Sunday, March 09, 2014


Malaysia Upset At Asian Cup Failure

With the AFC Asian Cup qualifiers done and dusted and no representatives from South East Asia planning flights and hotels to Australia for next January, the recriminations have begun and nowhere, it seems, more virulently than Malaysia.

Critics there have been quick to point out to the money spent on sending Harimau Muda to play in Slovakia, Singapore and this year to compete in the Queensland Premier League in Australia.

Apparently, the critics opine, it is all a waste of money...because Malaysia failed to qualify for the Asian Cup and failed to earn a medal at the SEA Games last year.

Now, far be it for me to speak out in support of the Football Association of Malaysia. They have been the butt of much mirth over recent years and for good reason.

But this time I feel no blame can be sent their way.

Everybody needs to invest in youth but that investment comes with no guarantees. Stick your KPIs. Kids need to be given a chance to develop and given the crappy set ups in most countries in this region, the best way to do that is overseas.

The FA is right to give the kids the chance. In fact, if there is one criticism, they should be working with younger players.

But the young players change like they do all around the world. The promise shown as a 16 year old doesn't always translate into a medal fuelled career. Just google Wayne Harrison, John Bostock and Peter Coyne for examples.

Kids change. Their bodies change. They discover girls, beer, even, whisper it, drugs. They lose their focus, their interest, their desire.

Youth policies rarely produce a never ending conveyor belt of talent. Fergie will tell you the batch that included the Nevilles, Scholes and Beckham was exceptional. Since that era? Tom Cleverley, a 24 year old midfielder with less than 50 league games and more than a dozen caps for England!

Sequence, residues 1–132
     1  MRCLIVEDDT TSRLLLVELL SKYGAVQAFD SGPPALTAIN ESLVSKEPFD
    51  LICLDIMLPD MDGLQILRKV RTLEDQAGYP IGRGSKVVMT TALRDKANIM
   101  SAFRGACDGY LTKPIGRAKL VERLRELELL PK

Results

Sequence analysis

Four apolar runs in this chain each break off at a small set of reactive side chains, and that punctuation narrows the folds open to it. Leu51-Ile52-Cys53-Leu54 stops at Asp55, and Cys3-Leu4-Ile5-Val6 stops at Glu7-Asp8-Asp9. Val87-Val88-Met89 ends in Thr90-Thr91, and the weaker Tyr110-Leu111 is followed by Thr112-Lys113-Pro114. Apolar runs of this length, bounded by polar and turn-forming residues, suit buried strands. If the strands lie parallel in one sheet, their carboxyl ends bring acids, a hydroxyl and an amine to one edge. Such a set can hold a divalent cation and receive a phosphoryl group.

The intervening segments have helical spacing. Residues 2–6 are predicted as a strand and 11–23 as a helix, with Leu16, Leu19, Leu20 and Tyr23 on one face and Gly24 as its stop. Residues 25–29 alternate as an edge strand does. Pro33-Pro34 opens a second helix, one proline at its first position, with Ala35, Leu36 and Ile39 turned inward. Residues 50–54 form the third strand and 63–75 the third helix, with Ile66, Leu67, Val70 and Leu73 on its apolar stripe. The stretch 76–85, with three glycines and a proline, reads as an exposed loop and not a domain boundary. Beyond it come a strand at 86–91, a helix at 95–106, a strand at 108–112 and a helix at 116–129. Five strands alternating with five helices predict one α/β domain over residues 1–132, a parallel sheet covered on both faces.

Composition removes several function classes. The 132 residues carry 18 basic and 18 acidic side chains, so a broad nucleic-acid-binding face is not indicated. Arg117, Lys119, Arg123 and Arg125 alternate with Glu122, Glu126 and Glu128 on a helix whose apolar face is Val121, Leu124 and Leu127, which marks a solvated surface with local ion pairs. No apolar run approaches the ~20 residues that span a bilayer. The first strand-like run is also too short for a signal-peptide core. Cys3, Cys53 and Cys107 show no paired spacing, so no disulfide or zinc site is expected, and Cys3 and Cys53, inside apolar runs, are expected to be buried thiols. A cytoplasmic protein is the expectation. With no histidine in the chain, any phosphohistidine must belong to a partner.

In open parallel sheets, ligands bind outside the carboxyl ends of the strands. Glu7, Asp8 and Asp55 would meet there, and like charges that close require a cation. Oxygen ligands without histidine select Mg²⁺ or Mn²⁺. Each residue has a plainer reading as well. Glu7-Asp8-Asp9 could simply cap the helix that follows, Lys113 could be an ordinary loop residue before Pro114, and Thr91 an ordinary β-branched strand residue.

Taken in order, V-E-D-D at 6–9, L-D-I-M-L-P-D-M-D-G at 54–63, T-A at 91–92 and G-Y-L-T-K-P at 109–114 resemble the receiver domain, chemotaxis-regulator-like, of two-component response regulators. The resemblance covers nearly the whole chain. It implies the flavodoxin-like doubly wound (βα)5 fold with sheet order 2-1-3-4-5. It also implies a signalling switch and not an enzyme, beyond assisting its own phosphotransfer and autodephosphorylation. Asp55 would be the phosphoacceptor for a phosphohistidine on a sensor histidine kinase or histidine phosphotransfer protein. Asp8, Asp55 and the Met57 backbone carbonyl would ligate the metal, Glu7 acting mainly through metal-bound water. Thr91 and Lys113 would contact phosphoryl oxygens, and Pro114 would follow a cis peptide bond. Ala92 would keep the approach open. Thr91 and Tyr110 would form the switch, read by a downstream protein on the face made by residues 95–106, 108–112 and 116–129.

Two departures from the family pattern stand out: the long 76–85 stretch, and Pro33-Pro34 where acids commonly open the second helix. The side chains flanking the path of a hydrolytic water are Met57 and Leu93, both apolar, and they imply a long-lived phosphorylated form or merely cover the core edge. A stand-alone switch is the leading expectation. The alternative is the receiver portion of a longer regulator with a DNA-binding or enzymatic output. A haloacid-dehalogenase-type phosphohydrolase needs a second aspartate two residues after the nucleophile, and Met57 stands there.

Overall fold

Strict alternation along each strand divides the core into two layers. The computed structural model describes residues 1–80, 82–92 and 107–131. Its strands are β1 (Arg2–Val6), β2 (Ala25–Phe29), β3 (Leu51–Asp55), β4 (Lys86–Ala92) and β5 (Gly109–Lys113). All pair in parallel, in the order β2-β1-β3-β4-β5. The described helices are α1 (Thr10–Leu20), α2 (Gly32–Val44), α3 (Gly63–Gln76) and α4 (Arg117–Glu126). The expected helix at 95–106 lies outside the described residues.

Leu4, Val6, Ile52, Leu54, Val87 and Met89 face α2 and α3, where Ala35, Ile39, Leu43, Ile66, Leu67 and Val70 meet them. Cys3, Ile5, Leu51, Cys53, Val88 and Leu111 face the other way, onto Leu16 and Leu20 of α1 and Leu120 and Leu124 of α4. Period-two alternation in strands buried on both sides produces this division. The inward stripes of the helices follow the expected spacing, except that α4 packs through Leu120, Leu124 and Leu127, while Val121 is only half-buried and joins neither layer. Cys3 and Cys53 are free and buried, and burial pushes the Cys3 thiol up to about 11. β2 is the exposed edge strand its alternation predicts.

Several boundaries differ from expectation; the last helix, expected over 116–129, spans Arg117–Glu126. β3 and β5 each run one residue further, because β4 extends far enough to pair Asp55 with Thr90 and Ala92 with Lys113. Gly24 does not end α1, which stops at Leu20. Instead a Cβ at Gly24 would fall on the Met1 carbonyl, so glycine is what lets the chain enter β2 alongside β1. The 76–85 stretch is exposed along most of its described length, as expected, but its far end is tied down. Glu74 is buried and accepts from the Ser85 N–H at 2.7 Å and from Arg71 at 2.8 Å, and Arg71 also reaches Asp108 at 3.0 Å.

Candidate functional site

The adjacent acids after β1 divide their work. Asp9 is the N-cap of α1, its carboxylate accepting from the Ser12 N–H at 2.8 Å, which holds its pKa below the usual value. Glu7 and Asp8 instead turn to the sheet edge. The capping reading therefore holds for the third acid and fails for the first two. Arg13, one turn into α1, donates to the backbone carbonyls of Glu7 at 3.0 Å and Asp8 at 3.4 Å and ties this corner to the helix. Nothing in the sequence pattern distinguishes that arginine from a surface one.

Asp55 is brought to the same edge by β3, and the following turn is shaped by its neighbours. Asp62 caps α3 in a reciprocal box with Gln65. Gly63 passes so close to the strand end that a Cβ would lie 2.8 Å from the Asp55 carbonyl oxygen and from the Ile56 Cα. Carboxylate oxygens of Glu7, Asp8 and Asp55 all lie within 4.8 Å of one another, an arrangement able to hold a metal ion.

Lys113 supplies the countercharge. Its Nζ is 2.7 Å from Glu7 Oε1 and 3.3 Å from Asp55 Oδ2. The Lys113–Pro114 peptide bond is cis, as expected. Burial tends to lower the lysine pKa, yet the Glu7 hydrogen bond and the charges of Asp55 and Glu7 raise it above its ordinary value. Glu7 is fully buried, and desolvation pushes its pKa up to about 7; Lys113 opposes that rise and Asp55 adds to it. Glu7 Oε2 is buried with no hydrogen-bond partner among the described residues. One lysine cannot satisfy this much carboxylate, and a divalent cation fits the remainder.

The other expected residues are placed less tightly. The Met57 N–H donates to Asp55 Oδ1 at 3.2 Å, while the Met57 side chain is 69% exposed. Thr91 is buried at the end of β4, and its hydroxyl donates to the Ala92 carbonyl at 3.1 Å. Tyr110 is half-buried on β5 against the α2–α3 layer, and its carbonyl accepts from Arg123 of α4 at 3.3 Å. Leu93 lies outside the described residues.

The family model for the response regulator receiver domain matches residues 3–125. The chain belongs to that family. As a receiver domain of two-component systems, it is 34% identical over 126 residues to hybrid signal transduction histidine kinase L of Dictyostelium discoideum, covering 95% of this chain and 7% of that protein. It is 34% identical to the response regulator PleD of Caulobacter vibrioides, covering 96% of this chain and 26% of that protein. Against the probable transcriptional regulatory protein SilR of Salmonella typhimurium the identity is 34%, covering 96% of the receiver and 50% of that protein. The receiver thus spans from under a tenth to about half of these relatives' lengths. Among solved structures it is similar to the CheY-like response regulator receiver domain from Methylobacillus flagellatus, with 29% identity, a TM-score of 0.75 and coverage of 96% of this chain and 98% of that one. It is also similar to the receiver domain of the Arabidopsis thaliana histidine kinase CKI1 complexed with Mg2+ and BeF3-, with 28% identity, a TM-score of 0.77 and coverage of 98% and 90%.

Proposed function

Arsenal have long had great success with youth players. Take a deep breath; Brady, O'Leary, Stapleton, Rix, Thomas, Adams, Parlour, Keown, Davis, Rocastle, Cole. It's only under Wenger has it rusted.

West Ham? Cole, Lampard, Ferdinand? The current batch at Southampton.

But these are like me buying a round in the bar. They're pretty bloody rare.

There is no reason to think Malaysia should have found the holy grail of youth policies just because they have spent a heap of money on it. If it was that easy....

No nation has a divine right to success. Except England and their media. And, it appears, Malaysia.

Strange as it may seem, other countries are not standing still and a nationalist sports media does its self and its readers no favours by ignoring what is going on elsewhere.

Indonesia is placing great hope on the current Under 19 set up. The Thais are never far away from a good national team; much depends there on who is wagging the FA and for the last few years it has been the Premier League.

Then we have Singapore where a number of players in recent years tried their luck in Indonesia while LionsXII lifted the Malaysia Super League in 2013. And, of course, they won the ASEAN Cup in 2012.

But Asean is a tiny pond, more a puddle really, in the game of football. It's a place players and clubs come to for extracting cash.

To better compete with the Japan's and Iran's much needs to change. Playing abroad is one. So is diet. Is any player going to be a world beater growing up on a diet of bakso and bottled tea?

Back to Malaysia. When it comes to the Asian Cup qualifying stage, they were by far the best Asean representative. And until things change at a structural level, are they measured by Key Performance Indicators, that is the best they can hope for.

But turkey's rarely vote for Christmas.

Malaysia 6 2 1 3 5-7 7
Singapore 6 1  0 5 4-17 3
Indonesia 6 0 1 5 2-8 1
Thailand 6 0 0 6 7-21 0

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